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MRS. MIDWEST 2020       HOSTED BY WIX.COM

  • Cait

My Top 10 Thrift Tips of All Time

Hello and welcome back to the blog dearest Reader!!


Today seems like a good day for some thrift-shopping. I need some fitted tops, and honestly, also just need to get out of the house for a little bit. So gearing up for that, I thought I would outline my top ten thrift tips for you all today.


Enjoy, my beautiful deal-seekers!


1. Be patient


I think the main reason that some people get frustrated with thrifting is because it can be difficult to find good items. But the problem is that most people do not put in the amount of time or energy it takes to really find those good pieces. If you only stop for twenty minutes here and there, you're not going to find the same items you would if you devoted an hour to digging through all the nooks and crannies of the store. The truth is that I don't find anything I want to purchase probably 75% of the time, but I always go back to try again.



2. Be picky


If something has a stain doesn't fit quite right, or seems a little "off", don't purchase it! You won't wear it, use it, or be happy with it, and in turn, you'll probably be turned off by thrifting in general. You usually cannot re-sell thrifted pieces, so if you buy something you don't love, it's going to take a hit to your bank account. Don't think that just because your purchase was under ten dollars that it's fine: those tens add up until you're losing hundreds of dollars a year on unused thrift.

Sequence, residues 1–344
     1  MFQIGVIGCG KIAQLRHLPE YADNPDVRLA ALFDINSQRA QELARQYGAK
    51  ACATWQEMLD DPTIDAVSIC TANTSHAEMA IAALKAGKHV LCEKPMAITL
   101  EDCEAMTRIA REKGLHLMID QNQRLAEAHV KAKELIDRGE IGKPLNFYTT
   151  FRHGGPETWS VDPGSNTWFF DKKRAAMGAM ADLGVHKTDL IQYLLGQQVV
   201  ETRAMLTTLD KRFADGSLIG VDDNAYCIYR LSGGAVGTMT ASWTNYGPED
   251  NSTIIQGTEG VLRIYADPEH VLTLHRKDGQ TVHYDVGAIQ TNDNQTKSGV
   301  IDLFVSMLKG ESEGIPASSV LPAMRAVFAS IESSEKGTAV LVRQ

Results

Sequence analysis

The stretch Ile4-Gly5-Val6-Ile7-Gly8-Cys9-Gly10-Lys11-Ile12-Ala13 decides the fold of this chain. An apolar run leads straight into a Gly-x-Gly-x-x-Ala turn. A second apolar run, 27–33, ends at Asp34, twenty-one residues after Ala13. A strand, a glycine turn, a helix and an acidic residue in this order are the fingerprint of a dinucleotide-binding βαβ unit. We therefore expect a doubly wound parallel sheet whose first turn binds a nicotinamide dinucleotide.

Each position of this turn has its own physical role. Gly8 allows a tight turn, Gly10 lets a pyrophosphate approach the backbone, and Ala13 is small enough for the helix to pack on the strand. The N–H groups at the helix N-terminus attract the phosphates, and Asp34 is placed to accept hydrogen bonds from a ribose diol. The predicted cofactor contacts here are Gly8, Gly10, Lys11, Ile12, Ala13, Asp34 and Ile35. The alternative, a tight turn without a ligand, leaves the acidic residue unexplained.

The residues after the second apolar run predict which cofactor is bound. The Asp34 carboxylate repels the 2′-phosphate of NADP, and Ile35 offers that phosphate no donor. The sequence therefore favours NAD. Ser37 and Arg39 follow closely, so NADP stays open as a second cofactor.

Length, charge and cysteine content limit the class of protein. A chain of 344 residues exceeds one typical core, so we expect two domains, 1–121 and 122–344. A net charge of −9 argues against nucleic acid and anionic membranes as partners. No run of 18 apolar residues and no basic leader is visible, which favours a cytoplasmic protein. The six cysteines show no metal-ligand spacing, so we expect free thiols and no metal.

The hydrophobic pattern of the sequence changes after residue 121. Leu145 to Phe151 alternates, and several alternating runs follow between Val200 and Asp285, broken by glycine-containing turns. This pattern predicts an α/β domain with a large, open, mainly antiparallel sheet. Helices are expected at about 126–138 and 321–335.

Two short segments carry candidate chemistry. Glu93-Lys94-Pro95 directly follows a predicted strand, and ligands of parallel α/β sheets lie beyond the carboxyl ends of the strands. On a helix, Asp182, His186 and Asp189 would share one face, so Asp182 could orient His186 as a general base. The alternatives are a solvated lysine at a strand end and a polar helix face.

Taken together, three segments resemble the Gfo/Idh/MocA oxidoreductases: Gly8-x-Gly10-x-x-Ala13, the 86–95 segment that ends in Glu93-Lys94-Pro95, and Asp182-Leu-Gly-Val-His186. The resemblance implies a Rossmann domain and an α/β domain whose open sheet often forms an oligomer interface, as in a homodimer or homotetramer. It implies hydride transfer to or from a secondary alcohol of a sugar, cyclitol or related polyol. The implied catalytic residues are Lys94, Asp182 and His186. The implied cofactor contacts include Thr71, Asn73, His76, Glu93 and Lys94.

3. Be aware of pricing...


It's easy to assume that just because something is thrift means that you're getting a great deal. Oftentimes you really are, but sometimes thrift stores price things higher than what it would be to just buy it new. My favorite example of this is thrifted tank tops: you can buy a brand new tank top from Walmart for two dollars, while most thrift stores will charge three dollars for a USED tank top.


Don't assume that just because something is thrift means that you're getting an amazing deal. Be aware of general pricing for clothing, apparel, furniture, kitchenware, etc, and shop smart. If you need to get educated on this, begin mentally tracking the prices at box stores, Amazon, and your favorite bargain haunts.



4. Be consistent


If you're looking for quality pieces, check back frequently because those are the ones that get snapped up right when they're put on the shelf. I have found that if you go more often, you will find better items than if you thrift once a season or once a month. I like to check back often, especially if I'm looking for a specific piece like a kitchen appliance or a formal dress. Ask the people who work at the store when they put out fresh items, and make sure you check back on that day of the week!



5. Don't be afraid to barter


If I find an item I like that has a little bit of a tear or rip, I will show the cashier and ask if the damage has already been reflected in the price for the item. Usually there was some oversight, and you can get the item for an even LOWER price than what was listed.


I only do this with pieces I know I can sew and fix, or if I don't mind the damage, like a basket I bought last week. It had a small hole in the side that wouldn't be noticeable once I filled it with blankets, but I showed the cashier and got the price taken down from $6 to $2. YAY!